Hans Christian AndersenThe Red ShoesOnce upon a time there was little girl, pretty and dainty. But in summer time she was obliged to gobarefooted because she was poor, and in winter she had to wear large wooden shoes, so that herlittle instep grew quite red. In the middle of the village lived an old shoemakers wife; she sat down and made, as well asshe could, a pair of little shoes out of some old pieces of red cloth. They were clumsy, but shemeant well, for they were intended for the little girl, whose name was Karen. Karen received the shoes and wore them for the first time on the day of her mothers funeral.They were certainly not suitable for mourning; but she had no others, and so she put her bare feetinto them and walked behind the humble coffin. Just then a large old carriage came by, and in it sat an old lady; she looked at the little girl, andtaking pity on her, said to the clergyman, "Look here, if you will give me the little girl, I will takecare of her." Karen believed that this was all on account of the red shoes, but the old lady thought themhideous, and so they were burnt. Karen herself was dressed very neatly and cleanly; she wastaught to read and to sew, and people said that she was pretty. But the mirror told her, "You aremore than pretty - you are beautiful." One day the Queen was travelling through that part of the country, and had her little daughter,who was a princess, with her. All the people, amongst them Karen too, streamed towards thecastle, where the little princess, in fine white clothes, stood before the window and allowedherself to be stared at. She wore neither a train nor a golden crown, but beautiful red moroccoshoes; they were indeed much finer than those which the shoemakers wife had sewn for littleKaren. There is really nothing in the world that can be compared to red shoes!< 2 > Karen was now old enough to be confirmed; she received some new clothes, and she was alsoto have some new shoes. The rich shoemaker in the town took the measure of her little foot in hisown room, in which there stood great glass cases full of pretty shoes and white slippers. It alllooked very lovely, but the old lady could not see very well, and therefore did not get muchpleasure out of it. Amongst the shoes stood a pair of red ones, like those which the princess hadworn. How beautiful they were! and the shoemaker said that they had been made for a countsdaughter, but that they had not fitted her. "I suppose they are of shiny leather?" asked the old lady. "They shine so."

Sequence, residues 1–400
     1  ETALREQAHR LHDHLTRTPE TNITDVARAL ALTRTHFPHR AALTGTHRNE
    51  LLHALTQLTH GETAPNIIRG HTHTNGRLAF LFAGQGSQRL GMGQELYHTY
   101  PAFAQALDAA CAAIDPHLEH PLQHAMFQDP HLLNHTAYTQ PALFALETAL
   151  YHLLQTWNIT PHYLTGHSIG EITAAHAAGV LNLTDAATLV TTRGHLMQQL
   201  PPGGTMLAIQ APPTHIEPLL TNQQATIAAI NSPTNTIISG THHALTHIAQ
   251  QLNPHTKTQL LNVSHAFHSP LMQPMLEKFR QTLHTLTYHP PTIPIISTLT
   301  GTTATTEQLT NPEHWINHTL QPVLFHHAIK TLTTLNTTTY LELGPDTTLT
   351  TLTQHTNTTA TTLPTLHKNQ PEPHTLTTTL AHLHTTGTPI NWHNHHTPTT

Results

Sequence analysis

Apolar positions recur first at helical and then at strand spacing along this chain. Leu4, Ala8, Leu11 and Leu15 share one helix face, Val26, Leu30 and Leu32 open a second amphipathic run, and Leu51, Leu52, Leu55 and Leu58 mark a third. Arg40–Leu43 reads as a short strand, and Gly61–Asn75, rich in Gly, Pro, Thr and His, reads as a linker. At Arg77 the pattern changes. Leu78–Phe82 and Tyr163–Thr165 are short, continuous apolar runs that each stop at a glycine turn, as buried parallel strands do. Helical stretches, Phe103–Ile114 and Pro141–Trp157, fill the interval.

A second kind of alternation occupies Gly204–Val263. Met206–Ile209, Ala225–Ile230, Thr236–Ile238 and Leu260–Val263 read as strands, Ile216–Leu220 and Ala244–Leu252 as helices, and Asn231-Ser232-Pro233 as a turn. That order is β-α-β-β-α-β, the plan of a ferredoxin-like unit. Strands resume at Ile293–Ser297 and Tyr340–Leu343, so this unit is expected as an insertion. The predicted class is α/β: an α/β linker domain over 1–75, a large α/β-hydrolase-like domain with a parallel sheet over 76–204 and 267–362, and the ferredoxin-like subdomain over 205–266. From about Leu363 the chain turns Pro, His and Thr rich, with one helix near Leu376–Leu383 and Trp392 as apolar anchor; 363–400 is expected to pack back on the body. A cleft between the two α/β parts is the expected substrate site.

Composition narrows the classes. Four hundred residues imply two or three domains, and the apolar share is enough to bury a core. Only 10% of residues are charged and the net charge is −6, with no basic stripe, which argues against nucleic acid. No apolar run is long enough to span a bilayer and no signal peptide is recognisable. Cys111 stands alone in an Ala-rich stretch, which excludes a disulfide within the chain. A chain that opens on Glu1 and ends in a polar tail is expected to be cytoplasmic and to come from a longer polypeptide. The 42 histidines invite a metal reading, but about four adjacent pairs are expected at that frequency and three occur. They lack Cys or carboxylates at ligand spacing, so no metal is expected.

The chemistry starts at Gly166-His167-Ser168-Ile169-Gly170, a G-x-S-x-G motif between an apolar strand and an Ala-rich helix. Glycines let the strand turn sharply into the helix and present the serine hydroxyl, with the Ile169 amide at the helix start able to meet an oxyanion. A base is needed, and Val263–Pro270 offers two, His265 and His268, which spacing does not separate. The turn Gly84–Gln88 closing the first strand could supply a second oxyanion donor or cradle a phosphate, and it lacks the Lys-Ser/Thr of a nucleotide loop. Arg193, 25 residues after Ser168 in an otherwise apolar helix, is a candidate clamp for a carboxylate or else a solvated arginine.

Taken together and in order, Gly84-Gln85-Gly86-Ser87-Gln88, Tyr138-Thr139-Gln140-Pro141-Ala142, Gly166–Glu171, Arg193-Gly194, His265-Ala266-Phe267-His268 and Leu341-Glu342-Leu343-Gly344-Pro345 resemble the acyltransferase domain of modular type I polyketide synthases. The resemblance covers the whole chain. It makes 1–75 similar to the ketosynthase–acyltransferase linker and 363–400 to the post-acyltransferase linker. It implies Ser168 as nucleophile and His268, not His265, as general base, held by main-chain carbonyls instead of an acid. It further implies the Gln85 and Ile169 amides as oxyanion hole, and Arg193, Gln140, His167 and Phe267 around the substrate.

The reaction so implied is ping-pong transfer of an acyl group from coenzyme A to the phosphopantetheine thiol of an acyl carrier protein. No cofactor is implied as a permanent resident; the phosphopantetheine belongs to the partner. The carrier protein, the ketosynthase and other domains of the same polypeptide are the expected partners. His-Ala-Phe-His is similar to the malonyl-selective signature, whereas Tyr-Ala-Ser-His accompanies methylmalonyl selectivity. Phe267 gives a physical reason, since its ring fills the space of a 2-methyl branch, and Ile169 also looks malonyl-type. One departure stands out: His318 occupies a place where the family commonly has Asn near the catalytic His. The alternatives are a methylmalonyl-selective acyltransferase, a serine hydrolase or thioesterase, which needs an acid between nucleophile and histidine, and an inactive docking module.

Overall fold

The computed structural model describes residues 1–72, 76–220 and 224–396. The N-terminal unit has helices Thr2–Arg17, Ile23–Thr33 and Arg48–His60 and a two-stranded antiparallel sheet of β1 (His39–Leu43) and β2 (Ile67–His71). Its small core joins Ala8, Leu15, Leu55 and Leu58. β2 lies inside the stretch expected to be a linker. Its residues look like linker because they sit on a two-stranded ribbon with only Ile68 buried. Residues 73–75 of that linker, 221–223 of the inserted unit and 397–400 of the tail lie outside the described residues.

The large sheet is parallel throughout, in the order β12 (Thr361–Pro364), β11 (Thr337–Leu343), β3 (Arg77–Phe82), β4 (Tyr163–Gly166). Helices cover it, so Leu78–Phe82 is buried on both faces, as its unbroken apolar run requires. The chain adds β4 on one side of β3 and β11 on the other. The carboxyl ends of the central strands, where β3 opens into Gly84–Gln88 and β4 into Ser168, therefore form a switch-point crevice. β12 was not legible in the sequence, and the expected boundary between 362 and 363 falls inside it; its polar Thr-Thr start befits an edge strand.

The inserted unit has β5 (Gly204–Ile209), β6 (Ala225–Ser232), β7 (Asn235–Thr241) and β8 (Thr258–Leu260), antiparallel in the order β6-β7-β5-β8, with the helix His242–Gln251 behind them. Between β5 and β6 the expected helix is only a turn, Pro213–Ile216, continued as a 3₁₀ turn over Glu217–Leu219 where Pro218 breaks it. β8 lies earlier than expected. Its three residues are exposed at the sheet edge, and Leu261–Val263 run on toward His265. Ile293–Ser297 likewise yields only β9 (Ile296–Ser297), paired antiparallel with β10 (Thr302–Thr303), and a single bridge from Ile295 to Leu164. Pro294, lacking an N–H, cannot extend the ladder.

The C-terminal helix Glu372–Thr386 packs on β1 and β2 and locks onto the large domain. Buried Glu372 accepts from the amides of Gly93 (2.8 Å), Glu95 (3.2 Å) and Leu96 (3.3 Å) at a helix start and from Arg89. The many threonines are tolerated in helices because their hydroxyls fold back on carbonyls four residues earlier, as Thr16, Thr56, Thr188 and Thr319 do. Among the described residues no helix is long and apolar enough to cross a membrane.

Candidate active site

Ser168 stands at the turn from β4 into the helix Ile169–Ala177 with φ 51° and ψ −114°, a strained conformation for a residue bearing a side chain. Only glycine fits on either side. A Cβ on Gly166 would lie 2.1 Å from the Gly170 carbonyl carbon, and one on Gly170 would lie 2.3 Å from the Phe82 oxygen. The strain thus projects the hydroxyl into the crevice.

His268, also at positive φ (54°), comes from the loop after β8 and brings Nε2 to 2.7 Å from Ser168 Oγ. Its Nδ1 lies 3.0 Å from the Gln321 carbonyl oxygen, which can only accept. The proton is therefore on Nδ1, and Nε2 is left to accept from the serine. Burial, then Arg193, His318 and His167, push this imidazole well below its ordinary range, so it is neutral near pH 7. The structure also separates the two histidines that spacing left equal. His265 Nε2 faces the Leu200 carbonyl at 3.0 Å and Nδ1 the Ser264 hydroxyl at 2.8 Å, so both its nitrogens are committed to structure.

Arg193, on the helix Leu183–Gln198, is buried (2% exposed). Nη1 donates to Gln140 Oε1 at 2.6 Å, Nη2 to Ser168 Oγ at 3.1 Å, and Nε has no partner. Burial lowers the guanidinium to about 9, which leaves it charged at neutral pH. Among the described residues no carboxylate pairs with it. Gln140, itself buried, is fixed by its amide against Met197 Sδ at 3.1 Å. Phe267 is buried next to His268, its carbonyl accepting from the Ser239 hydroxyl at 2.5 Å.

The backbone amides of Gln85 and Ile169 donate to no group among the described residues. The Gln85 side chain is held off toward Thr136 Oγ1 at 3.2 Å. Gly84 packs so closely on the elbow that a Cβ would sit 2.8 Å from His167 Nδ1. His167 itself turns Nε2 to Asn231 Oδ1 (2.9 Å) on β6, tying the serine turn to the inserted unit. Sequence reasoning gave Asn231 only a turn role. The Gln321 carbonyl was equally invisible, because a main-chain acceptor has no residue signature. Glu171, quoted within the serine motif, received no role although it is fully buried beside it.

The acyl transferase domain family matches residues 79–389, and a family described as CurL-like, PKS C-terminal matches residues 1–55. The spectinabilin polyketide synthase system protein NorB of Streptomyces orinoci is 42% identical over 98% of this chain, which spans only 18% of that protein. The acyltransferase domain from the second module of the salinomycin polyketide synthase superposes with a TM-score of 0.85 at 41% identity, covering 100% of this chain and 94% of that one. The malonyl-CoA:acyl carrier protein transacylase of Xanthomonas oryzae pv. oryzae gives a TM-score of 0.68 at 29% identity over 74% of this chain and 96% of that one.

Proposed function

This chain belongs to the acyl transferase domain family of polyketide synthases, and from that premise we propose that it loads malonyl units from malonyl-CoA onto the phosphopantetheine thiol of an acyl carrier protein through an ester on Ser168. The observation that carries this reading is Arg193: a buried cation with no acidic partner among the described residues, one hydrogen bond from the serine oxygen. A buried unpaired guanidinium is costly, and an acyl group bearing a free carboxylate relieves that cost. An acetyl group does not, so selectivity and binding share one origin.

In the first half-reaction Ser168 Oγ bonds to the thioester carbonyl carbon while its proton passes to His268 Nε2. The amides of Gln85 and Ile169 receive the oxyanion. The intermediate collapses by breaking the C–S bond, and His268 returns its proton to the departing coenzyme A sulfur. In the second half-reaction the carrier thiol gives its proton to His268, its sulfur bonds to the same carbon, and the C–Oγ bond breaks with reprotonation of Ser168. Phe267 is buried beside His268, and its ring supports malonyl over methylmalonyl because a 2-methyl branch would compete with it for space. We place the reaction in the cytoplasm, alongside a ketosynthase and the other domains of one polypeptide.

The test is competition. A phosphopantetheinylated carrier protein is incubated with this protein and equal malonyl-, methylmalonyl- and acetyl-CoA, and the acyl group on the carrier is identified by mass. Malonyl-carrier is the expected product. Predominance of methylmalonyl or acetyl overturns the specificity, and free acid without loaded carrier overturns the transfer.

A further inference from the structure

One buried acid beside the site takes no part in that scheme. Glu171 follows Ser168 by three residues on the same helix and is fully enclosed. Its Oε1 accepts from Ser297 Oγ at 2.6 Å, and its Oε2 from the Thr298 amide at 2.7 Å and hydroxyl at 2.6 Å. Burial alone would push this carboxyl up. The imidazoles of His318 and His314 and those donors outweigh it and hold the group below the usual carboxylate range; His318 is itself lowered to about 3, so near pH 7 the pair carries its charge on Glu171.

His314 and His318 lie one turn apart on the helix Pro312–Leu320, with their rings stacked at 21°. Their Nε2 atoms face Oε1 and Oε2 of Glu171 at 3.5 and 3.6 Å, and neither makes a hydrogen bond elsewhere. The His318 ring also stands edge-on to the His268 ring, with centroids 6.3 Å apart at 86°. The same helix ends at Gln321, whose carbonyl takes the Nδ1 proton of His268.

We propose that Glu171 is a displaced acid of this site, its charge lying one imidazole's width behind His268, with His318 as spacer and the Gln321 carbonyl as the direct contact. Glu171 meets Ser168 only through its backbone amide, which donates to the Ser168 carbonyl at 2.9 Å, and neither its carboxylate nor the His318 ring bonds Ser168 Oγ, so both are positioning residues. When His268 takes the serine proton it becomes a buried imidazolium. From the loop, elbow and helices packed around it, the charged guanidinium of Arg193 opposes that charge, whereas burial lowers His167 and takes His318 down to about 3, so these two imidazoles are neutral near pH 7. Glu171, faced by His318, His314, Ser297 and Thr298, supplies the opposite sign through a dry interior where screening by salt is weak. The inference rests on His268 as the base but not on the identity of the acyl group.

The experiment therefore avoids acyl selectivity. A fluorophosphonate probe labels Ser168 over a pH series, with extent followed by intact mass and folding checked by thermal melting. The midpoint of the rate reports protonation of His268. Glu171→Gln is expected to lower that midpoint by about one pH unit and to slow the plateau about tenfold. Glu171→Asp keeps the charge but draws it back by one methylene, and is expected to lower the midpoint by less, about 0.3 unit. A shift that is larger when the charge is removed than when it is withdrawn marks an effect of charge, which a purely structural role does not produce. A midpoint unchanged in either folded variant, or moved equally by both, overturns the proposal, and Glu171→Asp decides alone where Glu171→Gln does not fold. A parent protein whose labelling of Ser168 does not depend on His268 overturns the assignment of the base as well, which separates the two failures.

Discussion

"Yes, they do shine," said Karen. They fitted her, and were bought. But the old lady knewnothing of their being red, for she would never have allowed Karen to be confirmed in red shoes,as she was now to be. Everybody looked at her feet, and the whole of the way from the church door to the choir itseemed to her as if even the ancient figures on the monuments, in their stiff collars and long blackrobes, had their eyes fixed on her red shoes. It was only of these that she thought when theclergyman laid his hand upon her head and spoke of the holy baptism, of the covenant with God,and told her that she was now to be a grown-up Christian. The organ pealed forth solemnly, andthe sweet childrens voices mingled with that of their old leader; but Karen thought only of her redshoes. In the afternoon the old lady heard from everybody that Karen had worn red shoes. Shesaid that it was a shocking thing to do, that it was very improper, and that Karen was always to goto church in future in black shoes, even if they were old. On the following Sunday there was Communion. Karen looked first at the black shoes, then atthe red ones - looked at the red ones again, and put them on.< 3 > The sun was shining gloriously, so Karen and the old lady went along the footpath through thecorn, where it was rather dusty. At the church door stood an old crippled soldier leaning on a crutch; he had a wonderfully longbeard, more red than white, and he bowed down to the ground and asked the old lady whether hemight wipe her shoes. Then Karen put out her little foot too. "Dear me, what pretty dancing-shoes!" said the soldier. "Sit fast, when you dance," said he,addressing the shoes, and slapping the soles with his hand. The old lady gave the soldier some money and then went with Karen into the church. And all the people inside looked at Karens red shoes, and all the figures gazed at them; whenKaren knelt before the altar and put the golden goblet to her mouth, she thought only of the redshoes. It seemed to her as though they were swimming about in the goblet, and she forgot to singthe psalm, forgot to say the "Lords Prayer." Now every one came out of church, and the old lady stepped into her carriage. But just as Karenwas lifting up her foot to get in too, the old soldier said: "Dear me, what pretty dancing shoes!"and Karen could not help it, she was obliged to dance a few steps; and when she had once begun,her legs continued to dance. It seemed as if the shoes had got power over them. She dancedround the church corner, for she could not stop; the coachman had to run after her and seize her.He lifted her into the carriage, but her feet continued to dance, so that she kicked the good oldlady violently. At last they took off her shoes, and her legs were at rest. At home the shoes were put into the cupboard, but Karen could not help looking at them.